STEM fields and degrees are more important than ever in the United States. There are 1.2 million job openings projected in science, technology, engineering, and mathematics fields by the year 2022. As technology continues to grow by leaps and bounds, more and more jobs will open up in the field.
One of the best ways to make sure we have enough people to fill these new jobs is by getting a kids interested in STEM early, and keeping that interest going. Luckily for new parents like me, there are plenty of ways to do that. Even better, many easy activities can help introduce a love of science, technology, engineering, and math to your child. Here are a few suggestions.
1. Visit a farm
There are some surprising career choices in the STEM field. Some of these choices? Dairy science, poultry science, sustainable agriculture, and animal management. All kids love animals, so introduce them to the fields of animal science and food science by visiting a farm. Get to know animals, see where and how your food is grown, and talk to the people who make sure America is fed. There are plenty of hands-on activities to try, so find a farm with a petting zoo or a pick-your-own produce area.
2. Get digging
Geology and paleontology are STEM fields. If you’re kid loves rocks and dinosaurs, this could be the field for them. Start a rock collection and research the rocks you’re finding, or visit a dinosaur exhibit at a local museum. Supplement this with lots of books about when dinosaurs roamed the earth, and you’re good to go!
3. Look at the stars
Yep, astronomy and aerospace engineering fall under the STEM umbrella, too. Visit a planetarium in your area, or get outside and look at the stars. For best results, try to get away from sources of artificial lights and pick a clear night for your star-gazing. If you’re lucky, you can watch a shooting star, then explain how it’s not actually a star at all. Keep the learning going by identifying constellations, planets, and phases of the moon.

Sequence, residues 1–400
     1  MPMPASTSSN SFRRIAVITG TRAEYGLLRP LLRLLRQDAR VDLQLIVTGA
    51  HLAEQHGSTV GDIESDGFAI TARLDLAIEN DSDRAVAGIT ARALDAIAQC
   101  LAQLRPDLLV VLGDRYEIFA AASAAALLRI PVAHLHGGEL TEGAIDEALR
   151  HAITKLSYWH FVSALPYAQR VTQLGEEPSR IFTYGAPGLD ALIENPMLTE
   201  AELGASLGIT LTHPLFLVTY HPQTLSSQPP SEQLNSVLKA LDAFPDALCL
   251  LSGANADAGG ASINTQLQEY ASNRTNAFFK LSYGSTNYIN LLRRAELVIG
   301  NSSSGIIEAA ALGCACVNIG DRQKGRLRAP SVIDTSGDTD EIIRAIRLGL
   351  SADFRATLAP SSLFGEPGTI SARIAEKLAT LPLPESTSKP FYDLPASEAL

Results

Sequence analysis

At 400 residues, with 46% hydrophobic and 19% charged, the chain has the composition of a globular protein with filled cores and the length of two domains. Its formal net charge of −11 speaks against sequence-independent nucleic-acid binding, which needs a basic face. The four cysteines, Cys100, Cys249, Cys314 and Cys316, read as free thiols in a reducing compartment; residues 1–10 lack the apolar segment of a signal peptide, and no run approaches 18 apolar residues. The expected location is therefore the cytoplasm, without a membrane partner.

4. Make a chemical reaction
Inspire your budding chemist with easy science experiments you can do at home. Since chemistry is a science, it’s an in demand career. Start off with the classic baking soda and vinegar volcano to explain chemical reactions. If that interests your child, you can find plenty more easy chemical reaction experiments across the Internet. Pick a few and get started learning!
5. Start coding
Introduce your children to coding at an early age with Fisher-Price’s new Code-a-Pillar. From their new line of Think and Learn toys, which are designed to foster problem-solving and creativity in children. The Code-a-Pillar is a fun way to introduce your kids to the basics of coding. The toy comes with a caterpillar head, 8 caterpillar segments, and 2 directional targets. Each of the segments is a basic “command” for the Code-a-Pillar, such as “go straight,” “turn left,” or “make a sound.” The directional targets can be set up around the room for your children to aim the Code-a-Pillar at. Although the basic Code-a-Pillar offers plenty of coding fun, you can also buy expansion packs for your Code-a-Pillar for even more ways to play. The Code-a-Pillar is aimed at preschool age children (3-6 years), and requires 4 AA batteries. It retails for $50. Expansion packs retail for $15 each.
Introducing children to problem solving, coding, and cause-and-effect, the Fisher Price Code-a-Pillar is a great way to make learning fun. Although my baby is currently too small to use it, I borrowed two tech-obsessed boys from a friend to try it out. They both enjoyed making the Code-a-Pillar go in different directions, as did my husband. Although it is aimed at preschoolers, it can clearly be enjoyed by older children as well. We made a video here.
Remember, the off switch for the Code-a-Pillar is on the bottom of the toy, and it will continue to make noise until the switch is turned off.
How do you get your children interested in learning?